The Financial Times Alphaville blog has an interesting post today speculating on the U.S economy and interest rates. The blog points out that Credit Suisse’s Andrew Garthwaite is over-weighting equities again, because Credit Suisse sees the stock market’s recent slump as a correction, not the beginning of a longer-term bear market. And it does not believe the U.S. economy is heading into recession.
At least for now.
The post gets interesting when it points out Credit Suisse’s thinking on U.S. fiscal policy, and when the U.S. government will be forced to pare back its massive deficit.
So, the question becomes: when will the 10-year TIPS yield rise to 2% (for at that level, on our calculation, the fiscal tightening needed to stabilise government debt-to-GDP would rise to 7% of GDP, a level that would threaten the macro outlook and would also be politically hard to deliver forcing the US debt into a vicious circle of rising rates leading to a greater loss of fiscal credibility). Our answer is simple: it happens when either US banks are overweight government securities (when they have 20% of their assets in government securities, compared with 13% currently) or there is a sharp acceleration in private sector loan growth (forcing banks to lend to the private sector, not the government).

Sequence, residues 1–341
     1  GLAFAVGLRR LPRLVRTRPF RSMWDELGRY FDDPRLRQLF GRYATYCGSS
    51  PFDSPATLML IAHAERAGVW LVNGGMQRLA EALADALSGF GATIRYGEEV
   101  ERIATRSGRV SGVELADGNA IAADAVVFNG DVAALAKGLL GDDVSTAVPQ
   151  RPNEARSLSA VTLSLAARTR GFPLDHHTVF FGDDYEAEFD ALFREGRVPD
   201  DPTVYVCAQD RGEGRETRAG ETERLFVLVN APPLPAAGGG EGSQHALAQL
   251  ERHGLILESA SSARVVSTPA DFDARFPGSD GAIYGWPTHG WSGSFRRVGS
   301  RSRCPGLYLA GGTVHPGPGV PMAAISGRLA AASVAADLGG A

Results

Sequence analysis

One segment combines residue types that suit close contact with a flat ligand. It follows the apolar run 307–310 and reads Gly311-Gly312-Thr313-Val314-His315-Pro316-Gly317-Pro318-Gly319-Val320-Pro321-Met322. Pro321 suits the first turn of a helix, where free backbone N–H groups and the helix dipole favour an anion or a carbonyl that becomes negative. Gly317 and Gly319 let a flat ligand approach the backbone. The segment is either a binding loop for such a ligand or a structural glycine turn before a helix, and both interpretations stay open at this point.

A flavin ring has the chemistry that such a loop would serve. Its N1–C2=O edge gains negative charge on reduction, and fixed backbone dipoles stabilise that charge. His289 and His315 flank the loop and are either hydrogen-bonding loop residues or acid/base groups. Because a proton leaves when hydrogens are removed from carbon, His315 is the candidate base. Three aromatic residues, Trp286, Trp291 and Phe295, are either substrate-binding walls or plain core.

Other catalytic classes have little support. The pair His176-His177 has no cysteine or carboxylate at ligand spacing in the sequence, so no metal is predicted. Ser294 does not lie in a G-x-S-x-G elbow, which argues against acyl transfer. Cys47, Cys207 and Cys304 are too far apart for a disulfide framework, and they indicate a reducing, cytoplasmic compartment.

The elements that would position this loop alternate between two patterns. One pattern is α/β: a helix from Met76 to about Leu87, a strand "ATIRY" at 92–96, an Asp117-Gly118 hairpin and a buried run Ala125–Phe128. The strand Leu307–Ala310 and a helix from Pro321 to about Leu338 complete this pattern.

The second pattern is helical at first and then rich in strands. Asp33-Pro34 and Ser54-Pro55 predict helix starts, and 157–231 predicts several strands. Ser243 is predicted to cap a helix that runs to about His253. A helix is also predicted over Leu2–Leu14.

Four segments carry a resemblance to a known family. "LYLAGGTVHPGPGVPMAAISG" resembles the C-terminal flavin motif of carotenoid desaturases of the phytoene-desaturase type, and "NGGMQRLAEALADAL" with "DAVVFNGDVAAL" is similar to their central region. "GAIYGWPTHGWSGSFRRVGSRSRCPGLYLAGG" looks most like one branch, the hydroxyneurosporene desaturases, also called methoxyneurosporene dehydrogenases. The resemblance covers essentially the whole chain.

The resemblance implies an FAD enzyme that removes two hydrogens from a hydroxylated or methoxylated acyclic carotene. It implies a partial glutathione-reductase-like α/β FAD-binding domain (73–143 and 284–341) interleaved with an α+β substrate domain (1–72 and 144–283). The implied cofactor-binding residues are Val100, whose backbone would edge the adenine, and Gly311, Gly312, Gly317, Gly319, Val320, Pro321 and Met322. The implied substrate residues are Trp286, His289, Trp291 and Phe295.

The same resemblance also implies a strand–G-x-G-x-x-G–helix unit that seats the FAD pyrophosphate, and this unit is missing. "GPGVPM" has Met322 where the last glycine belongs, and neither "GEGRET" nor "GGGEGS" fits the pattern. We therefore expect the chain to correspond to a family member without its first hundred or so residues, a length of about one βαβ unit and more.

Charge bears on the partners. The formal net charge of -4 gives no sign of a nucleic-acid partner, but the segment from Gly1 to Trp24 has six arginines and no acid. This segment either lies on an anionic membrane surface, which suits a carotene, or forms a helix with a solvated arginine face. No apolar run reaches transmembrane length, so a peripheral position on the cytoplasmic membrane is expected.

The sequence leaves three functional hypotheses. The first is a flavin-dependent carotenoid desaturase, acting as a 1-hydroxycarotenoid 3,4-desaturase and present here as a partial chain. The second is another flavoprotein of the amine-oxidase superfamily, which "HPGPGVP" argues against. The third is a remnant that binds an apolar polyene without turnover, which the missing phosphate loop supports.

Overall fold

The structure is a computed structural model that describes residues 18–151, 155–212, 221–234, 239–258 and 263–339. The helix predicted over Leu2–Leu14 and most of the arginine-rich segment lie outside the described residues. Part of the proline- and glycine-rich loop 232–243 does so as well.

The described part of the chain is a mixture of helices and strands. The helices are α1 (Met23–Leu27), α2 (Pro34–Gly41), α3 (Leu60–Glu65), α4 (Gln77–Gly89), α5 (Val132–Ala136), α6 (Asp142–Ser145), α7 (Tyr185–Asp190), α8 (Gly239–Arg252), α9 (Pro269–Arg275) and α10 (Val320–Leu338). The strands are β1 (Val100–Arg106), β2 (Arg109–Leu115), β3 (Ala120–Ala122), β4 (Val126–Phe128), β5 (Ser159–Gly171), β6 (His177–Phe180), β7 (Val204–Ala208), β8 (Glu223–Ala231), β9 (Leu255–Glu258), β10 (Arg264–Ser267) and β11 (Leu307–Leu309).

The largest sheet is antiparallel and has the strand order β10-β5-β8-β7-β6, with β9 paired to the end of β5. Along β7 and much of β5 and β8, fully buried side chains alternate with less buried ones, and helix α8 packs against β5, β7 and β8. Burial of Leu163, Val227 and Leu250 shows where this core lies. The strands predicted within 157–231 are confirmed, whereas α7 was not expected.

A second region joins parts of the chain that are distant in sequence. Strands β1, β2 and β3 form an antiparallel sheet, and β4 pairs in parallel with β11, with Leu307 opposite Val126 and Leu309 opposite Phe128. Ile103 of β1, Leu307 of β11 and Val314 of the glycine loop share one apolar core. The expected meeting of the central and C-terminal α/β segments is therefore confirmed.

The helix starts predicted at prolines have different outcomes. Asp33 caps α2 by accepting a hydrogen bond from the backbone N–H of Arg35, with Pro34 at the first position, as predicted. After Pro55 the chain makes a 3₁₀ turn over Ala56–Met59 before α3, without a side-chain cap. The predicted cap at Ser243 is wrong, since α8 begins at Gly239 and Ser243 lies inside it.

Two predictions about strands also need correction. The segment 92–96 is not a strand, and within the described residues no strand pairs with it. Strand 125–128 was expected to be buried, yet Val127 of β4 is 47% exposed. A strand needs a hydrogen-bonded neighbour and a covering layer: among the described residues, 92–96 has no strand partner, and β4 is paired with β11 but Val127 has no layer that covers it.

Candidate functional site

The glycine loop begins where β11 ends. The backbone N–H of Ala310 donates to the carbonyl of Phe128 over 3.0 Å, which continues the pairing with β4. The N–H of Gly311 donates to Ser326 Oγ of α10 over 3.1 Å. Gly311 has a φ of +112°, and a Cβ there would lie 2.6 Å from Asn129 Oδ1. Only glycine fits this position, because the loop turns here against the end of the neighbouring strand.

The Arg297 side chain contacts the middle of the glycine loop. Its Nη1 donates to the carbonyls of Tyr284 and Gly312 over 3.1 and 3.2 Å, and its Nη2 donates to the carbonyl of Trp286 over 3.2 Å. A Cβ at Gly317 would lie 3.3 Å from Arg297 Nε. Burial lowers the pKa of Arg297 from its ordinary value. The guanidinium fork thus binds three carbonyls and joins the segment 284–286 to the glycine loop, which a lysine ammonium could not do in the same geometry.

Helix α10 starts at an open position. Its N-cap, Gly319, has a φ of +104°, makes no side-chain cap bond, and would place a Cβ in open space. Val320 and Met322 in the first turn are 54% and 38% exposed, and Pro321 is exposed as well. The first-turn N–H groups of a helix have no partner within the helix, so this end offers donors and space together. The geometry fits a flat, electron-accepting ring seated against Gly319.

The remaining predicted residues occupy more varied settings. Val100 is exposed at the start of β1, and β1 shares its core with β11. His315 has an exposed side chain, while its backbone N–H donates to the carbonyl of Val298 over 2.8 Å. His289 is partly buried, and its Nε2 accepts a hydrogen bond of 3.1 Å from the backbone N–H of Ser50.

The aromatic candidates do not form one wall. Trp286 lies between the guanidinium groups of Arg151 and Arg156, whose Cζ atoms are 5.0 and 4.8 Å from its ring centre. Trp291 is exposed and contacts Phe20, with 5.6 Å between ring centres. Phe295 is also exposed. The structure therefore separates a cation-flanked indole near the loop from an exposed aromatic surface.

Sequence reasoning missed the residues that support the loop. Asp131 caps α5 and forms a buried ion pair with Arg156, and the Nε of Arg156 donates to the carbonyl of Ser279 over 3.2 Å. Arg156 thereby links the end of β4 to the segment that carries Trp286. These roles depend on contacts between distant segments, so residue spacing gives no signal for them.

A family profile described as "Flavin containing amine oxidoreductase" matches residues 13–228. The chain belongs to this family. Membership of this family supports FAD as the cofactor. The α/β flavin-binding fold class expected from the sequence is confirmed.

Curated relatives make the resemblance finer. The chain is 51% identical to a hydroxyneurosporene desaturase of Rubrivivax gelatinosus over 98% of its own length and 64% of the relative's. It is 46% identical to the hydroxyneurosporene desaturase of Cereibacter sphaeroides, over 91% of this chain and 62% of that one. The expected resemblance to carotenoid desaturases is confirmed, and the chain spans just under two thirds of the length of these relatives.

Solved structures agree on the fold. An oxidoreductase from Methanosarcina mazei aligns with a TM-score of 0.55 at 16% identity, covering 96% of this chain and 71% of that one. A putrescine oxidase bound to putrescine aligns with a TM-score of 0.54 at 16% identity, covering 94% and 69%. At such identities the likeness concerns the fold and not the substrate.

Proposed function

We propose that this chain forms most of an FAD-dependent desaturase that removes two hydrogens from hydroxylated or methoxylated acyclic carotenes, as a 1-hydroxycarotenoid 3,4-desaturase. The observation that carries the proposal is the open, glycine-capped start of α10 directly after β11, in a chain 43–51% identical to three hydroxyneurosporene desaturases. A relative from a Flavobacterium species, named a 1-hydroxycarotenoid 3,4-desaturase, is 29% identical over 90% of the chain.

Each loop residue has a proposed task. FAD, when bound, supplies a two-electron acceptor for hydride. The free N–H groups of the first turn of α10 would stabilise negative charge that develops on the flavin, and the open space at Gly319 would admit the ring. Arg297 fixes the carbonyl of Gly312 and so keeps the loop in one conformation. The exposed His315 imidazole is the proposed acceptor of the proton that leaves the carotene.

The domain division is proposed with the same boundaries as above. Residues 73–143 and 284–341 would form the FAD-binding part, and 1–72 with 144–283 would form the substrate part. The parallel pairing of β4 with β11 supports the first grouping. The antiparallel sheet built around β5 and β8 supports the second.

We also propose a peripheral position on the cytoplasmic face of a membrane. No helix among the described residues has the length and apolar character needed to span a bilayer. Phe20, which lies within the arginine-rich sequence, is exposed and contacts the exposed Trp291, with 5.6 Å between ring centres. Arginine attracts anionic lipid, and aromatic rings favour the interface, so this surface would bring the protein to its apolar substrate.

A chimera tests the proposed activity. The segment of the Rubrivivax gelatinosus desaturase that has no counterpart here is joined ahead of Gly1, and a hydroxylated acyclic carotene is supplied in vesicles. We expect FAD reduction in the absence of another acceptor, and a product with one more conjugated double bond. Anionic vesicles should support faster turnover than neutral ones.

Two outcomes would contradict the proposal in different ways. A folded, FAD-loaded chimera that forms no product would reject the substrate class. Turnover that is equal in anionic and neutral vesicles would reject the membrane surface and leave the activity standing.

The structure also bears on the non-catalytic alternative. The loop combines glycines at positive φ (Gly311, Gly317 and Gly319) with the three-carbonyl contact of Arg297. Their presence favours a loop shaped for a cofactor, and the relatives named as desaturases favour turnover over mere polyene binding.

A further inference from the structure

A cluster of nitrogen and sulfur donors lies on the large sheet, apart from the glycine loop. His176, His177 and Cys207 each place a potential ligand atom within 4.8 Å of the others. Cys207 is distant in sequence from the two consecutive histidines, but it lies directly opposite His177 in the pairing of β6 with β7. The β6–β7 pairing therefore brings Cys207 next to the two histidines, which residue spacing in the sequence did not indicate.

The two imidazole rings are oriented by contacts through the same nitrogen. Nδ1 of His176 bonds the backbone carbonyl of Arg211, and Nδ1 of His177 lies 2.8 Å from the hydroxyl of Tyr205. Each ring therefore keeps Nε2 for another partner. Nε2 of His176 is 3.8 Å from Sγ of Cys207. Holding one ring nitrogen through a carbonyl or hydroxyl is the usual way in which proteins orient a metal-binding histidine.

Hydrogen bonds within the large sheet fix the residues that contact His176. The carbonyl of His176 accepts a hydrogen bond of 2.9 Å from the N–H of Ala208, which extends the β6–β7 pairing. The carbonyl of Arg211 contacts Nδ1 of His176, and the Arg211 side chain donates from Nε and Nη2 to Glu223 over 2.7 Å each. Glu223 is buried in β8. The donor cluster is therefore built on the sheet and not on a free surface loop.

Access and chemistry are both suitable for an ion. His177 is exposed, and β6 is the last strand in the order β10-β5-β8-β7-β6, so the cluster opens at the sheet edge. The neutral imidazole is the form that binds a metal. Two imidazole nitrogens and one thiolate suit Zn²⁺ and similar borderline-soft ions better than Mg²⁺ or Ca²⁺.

The point is … when the base yield rises to 2%, the federal government is going to have a difficult time paying ever-rising interest rates. “We think both events are unlikely to happen until late 2012,” Credit Suisse says in the blog.
For longer-term investors in TIPS, a 2% base yield (or higher) was the norm for many years through the last decade. Right now that yield is about 0.72%, well below the norm.